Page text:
ChIP assays showed the recruitment of EYA1 to the cyclin D1 AP-1 site and no recruitment of EYA1 to distinct cyclin D1 sequences unrelated to the AP-1 site. The combinatorial patterns of histone modification at active genes are complex (29); however, we chose H3K9 acetylation (H3K9), as regions enriched with H3 acetylation are often found to be enhancers (30). Measurements of transcriptionally active chromatin, in particular acetylated H3K9, showed increased H3K9 acetylation in the presence of EYA1. A significant reduction in recruitment of the phosphatase-defective EYA1 mutant was associated with the reduced recruitment of H3K9 to the cyclin D1 AP-1 site. The defect in recruitment to local chromatin of the EYA1 phosphatase mutant suggests that EYA1 dephosphorylation contributes actively to the chromatin interaction. Other phosphatases are known to interact with and regulate local chromatin structures including PP4, PP2A, PP6, Wip1, GLC7 (PP1 homology in Saccharomyces cerevisiae), and Rep-Man-PP1. Repo-Man-PP1 is a phosphatase complex that regulates histone H3 Thr3, Ser10, Ser28 dephosphorylation, which is essential for the reestablishment of heterochromatin in postmitotic cells (31).
RNA polymerase II (RNA PII) is required for transcription of protein-coding genes (32), and reduced recruitment of RNA polymerase II to the site is consistent with the reduced transcriptional activity of the EYA1-D327A mutant. The cyclin D1 AP-1 site is known to recruit the AP-1 transcription factors c-Jun, c-Fos, FRA1, FRA2 (28), and reduced recruitment of RNA polymerase II to the AP-1 site is consistent with a mechanism by which EYA1 determines the induction of cyclin D1 gene expression.
Mammospheres reflect the combination of both symmetrical and asymmetrical divisions (33). The number of mammospheres may serve as a surrogate of breast tumor stem cell expansion (BTSC). The current studies show that EYA1 enhanced the number of mammospheres formed. Several lines of evidence support the importance of BTSC or tumor-initiating cells in the onset and progression of breast cancer (33). Herein, the induction of mammosphere formation by EYA1 was dependent upon the phosphatase domain. The mechanism by which EYA1 promotes BTSC expansion may include the ability of EYA1 to be recruited to AP-1 sites as the AP-1 transcription factor, c-Jun, is known to promote BTSC expansion (17). Alternately, previous studies had identified physical interaction between DACH1 and EYA1. DACH1 is known to occupy the promoters of several stem cell regulatory genes including Sox, Oct, and Nanog (10). The current studies raise the possibility that EYA1 may be recruited by a DACH/EYA1 complex to the genes associated with the induction of tumor initiating cells that may in turn contribute to the progression of tumorigenesis.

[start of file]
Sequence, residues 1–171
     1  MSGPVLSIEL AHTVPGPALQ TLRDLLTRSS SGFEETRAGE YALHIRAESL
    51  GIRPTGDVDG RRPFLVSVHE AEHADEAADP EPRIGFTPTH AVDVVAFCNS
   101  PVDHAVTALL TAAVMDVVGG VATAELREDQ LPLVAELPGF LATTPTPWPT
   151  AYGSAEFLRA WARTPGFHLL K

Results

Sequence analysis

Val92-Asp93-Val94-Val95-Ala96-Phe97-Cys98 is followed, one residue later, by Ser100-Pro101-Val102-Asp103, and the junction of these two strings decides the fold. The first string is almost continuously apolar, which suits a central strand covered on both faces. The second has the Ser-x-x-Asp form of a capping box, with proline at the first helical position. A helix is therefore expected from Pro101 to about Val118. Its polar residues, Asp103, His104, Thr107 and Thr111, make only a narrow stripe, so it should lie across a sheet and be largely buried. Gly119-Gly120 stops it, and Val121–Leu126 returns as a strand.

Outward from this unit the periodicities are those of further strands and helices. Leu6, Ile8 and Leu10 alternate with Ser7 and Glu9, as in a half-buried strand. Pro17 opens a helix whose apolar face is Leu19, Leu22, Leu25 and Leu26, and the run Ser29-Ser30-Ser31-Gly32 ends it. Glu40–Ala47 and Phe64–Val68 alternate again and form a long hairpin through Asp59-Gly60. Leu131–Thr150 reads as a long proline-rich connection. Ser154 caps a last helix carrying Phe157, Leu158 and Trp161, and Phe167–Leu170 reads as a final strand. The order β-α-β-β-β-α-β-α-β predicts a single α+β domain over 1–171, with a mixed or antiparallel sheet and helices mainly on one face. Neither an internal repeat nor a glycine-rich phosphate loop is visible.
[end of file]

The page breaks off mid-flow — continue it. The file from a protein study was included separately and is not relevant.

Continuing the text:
Disclosure of Potential Conflicts of Interest
R.G. Pestell holds ownership interests in and serves as Founder of the biopharmaceutical companies ProstaGene, LLC and AAA Phoenix, Inc. R.G. Pestell additionally holds ownership interests (value unknown) for several submitted patent applications. No potential conflicts of interest were disclosed by the other authors.
Conception and design: K. Wu, R.G. Pestell
Development of methodology: K. Wu, Z. Li, R.G. Pestell
Acquisition of data (provided animals, acquired and managed patients, provided facilities, etc.): K. Wu, Z. Li, S. Cai, J. Wang, Y. Sun, R.G. Pestell
Analysis and interpretation of data (e.g., statistical analysis, biostatistics, computational analysis): K. Wu, K. Chen, A. Ertel
Writing, review, and/or revision of the manuscript: A. Ertel, R.G. Pestell
Administrative, technical, or material support (i.e., reporting or organizing data, constructing databases): L. Tian, R.G. Pestell
Study supervision: K. Wu, R.G. Pestell
Providing viral expression constructs: X. Li
This work was supported in part by the NIH grants RO1CA132115, R01CA70896, R01CA75503, and R01CA86072 (R.G. Pestell) and grant P30CA56036 (Kimmel Cancer Center Core Grant to R.G. Pestell). This work was also supported by a grant from the Dr. Ralph and Marian C. Falk Medical Research Trust (to R.G. Pestell), the Breast Cancer Research Foundation (R.G. Pestell), Margaret Q. Landenberger Research Foundation (K. Wu), and a Department of Defense Concept Award W81XWH-11-1-0303 (K. Wu).
The costs of publication of this article were defrayed in part by the payment of page charges. This article must therefore be hereby marked advertisement in accordance with 18 U.S.C. Section 1734 solely to indicate this fact.